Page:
Rambo was a starter and above-average contributor for two seasons at Oklahoma before he decided to transfer to Miami for the 2021 season. It ended up being a sterling decision, as he broke out with a massive season of 79 catches, 1,172 yards and seven touchdowns in 12 games. It’s a little surprising he fell out of the draft. Even though he has a slight build, he has good speed and solid foundation to his game in terms of route running and catching. 

There’s a path to Rambo making the roster in Carolina, as the back of their depth chart is far from solidified. Long-term, there are questions about both Robbie Anderson and 2021 second-rounder Terrace Marshall after poor seasons last year. Rambo has the feel of someone who develops into a solid No. 3 or No. 4 receiver over the course of time. 

Patriots: Texas S Brenden Schooler

No organization puts an emphasis on special teams quite like the Patriots do, as they annually devote multiple roster spots exclusively to special teams outside of the usual kicker/punter/long snapper trio most teams employ. So this is a notable landing spot for Schooler, who was twice named first-team All-PAC 12 for his contributions on special teams. 

Schooler’s college career is a bit of an anomaly as well. He started as a true freshman at Oregon and finished the season with 74 tackles, four pass deflections and four interceptions. He moved to wide receiver in the offseason and was a contributor on offense while making a name for himself on special teams for the next two seasons. He left Oregon for Arizona in 2019, but ended up at Texas before the 2020 season and finished out his career there, first as a receiver in 2020 and then as a safety in 2021. 

That history as a receiver is worth filing away given how the Patriots have shown themselves open to position changes in the past. Schooler has the athleticism to succeed wherever the team puts him, as at 6-1 and 200 pounds he ran a 4.4 flat in the 40, 16 in the bench press, 6.71 seconds in the three-cone drill and had a 10-8 broad jump.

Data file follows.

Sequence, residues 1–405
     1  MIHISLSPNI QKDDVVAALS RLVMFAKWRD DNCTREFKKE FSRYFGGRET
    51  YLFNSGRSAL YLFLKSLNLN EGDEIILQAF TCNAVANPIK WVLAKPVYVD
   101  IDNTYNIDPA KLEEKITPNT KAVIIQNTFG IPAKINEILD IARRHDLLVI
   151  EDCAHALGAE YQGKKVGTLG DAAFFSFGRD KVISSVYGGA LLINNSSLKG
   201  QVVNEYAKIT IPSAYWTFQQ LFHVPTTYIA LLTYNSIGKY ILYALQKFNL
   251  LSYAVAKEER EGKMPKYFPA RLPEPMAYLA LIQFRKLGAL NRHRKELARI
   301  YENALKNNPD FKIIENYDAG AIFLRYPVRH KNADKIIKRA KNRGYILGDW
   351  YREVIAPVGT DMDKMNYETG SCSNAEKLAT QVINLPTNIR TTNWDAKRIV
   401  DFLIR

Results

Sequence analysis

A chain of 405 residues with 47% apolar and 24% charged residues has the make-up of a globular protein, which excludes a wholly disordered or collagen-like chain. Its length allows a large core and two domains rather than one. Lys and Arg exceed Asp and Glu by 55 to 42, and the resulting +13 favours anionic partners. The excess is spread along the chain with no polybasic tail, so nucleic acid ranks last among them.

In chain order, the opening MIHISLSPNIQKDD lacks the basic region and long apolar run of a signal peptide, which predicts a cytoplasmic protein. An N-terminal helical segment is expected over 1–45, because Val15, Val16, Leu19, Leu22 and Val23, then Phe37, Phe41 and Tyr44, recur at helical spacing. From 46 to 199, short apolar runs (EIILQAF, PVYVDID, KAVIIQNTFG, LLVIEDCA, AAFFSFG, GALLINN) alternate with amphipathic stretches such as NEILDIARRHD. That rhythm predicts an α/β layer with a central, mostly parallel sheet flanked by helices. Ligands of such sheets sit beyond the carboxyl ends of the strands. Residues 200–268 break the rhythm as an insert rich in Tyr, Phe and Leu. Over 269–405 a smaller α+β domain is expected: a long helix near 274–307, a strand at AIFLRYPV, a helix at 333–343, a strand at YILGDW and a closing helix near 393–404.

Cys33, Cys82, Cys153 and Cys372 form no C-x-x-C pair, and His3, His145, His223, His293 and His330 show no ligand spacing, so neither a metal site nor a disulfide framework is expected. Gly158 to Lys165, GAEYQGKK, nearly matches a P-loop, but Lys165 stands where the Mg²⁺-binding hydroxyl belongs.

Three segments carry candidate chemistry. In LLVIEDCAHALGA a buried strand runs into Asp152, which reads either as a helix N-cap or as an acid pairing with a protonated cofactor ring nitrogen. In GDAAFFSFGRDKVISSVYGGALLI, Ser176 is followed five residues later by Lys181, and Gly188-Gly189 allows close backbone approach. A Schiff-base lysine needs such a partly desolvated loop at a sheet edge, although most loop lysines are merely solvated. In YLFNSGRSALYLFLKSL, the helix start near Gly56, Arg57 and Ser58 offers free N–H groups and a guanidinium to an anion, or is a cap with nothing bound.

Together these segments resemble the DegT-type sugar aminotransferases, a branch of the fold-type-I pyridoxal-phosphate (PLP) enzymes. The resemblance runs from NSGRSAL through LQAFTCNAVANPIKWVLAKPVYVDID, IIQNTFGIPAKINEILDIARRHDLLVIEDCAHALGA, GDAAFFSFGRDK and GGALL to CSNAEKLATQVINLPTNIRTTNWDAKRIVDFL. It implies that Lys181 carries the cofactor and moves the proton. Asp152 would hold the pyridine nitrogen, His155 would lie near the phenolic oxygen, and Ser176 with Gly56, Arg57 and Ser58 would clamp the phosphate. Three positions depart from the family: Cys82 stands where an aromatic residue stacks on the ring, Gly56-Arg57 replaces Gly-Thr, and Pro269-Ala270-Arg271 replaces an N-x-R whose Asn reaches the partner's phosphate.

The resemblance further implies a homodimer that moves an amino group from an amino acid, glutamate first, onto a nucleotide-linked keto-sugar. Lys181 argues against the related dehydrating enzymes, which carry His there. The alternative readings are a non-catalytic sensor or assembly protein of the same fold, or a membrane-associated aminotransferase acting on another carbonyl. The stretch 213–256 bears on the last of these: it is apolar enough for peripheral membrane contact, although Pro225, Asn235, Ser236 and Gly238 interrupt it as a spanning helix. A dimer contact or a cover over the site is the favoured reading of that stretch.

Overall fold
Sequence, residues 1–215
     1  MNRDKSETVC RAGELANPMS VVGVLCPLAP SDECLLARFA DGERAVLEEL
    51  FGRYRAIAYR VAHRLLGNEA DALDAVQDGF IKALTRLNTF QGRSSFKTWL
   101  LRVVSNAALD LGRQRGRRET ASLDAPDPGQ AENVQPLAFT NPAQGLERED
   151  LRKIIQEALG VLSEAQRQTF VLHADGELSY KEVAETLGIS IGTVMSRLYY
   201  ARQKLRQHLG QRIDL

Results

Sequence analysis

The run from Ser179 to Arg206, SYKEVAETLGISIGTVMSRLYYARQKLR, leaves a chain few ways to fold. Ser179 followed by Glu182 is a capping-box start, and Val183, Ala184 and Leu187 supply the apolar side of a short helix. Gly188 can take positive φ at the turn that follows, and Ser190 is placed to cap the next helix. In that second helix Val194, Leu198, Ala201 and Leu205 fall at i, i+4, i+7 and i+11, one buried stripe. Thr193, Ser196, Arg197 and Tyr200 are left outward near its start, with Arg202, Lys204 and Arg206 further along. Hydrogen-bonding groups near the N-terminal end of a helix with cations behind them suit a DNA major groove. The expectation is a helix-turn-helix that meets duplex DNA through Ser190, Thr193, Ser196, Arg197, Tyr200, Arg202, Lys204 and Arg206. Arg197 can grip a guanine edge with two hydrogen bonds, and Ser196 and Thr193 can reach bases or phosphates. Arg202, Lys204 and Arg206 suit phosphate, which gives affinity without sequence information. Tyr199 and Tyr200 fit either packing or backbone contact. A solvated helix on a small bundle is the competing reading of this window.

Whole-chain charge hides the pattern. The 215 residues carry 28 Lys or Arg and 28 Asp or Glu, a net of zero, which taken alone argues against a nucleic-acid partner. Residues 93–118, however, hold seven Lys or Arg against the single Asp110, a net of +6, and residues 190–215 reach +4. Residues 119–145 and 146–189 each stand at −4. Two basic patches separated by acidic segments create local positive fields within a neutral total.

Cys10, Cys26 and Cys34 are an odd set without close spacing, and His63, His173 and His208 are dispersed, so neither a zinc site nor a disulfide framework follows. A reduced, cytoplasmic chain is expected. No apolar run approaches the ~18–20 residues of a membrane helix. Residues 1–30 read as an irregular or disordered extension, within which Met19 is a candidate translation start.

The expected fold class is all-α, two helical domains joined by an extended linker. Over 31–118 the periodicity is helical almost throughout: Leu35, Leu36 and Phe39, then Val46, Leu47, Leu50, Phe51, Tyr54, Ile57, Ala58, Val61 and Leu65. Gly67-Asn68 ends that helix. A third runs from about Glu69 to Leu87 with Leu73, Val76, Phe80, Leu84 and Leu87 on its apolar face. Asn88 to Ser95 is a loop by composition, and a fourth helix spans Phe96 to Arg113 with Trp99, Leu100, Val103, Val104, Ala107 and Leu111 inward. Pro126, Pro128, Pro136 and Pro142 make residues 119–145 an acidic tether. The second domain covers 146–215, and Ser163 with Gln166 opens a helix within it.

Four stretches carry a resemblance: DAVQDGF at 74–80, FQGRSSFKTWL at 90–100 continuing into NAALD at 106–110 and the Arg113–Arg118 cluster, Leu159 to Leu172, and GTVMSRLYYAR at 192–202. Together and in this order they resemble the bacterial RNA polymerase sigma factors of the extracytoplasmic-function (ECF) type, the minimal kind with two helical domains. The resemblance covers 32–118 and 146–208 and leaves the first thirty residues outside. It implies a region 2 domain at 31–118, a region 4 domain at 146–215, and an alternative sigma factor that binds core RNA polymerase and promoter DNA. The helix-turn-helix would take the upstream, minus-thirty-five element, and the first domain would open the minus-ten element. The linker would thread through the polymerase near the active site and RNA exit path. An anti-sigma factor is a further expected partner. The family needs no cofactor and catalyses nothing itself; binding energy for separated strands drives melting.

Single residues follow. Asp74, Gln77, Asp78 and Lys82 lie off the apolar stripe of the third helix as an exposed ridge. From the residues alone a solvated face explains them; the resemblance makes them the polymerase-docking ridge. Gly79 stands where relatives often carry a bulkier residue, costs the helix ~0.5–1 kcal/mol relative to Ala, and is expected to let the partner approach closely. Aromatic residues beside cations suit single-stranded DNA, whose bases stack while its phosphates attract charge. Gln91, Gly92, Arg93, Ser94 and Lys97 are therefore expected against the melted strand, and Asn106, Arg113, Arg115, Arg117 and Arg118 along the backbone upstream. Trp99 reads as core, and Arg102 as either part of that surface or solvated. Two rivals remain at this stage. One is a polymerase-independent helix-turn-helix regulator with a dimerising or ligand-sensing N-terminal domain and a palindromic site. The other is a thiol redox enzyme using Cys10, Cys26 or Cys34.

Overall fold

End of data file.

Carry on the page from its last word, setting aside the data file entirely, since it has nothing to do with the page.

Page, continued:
Raiders: Utah OT Bamidele Olaseni

The former soccer player from London has a remarkable background, as after discovering the sport of football in 2014 he moved to the United States to pursue it. He spent two years in community college before transferring to Utah and eventually winning the starting left tackle job as a senior. Already 26, Olaseni is old for a project player. But you can’t teach 6-7 and 340 pounds, and the Raiders are like any team looking for quality tackle play. 

Rams: North Dakota State OLB Brayden Thomas

The departure of Von Miller has left a huge hole in the Rams’ defense, and it wouldn’t be surprising at some point to see them make a big move to fill it. In the meantime, they’re making a bunch of dart throws to try and find some production, signing three UDFAs including Thomas and using a seventh-round pick on Daniel Hardy

Both Thomas and Hardy cracked seven seconds in the three cone drill, which has a strong correlation to success for pass rushers as it displays their bend and agility. Hardy had an outstanding 6.71 second time, while Thomas was at 6.9. However, Hardy is 6-2 and 235 pounds while Thomas stands 6-4 and almost 260.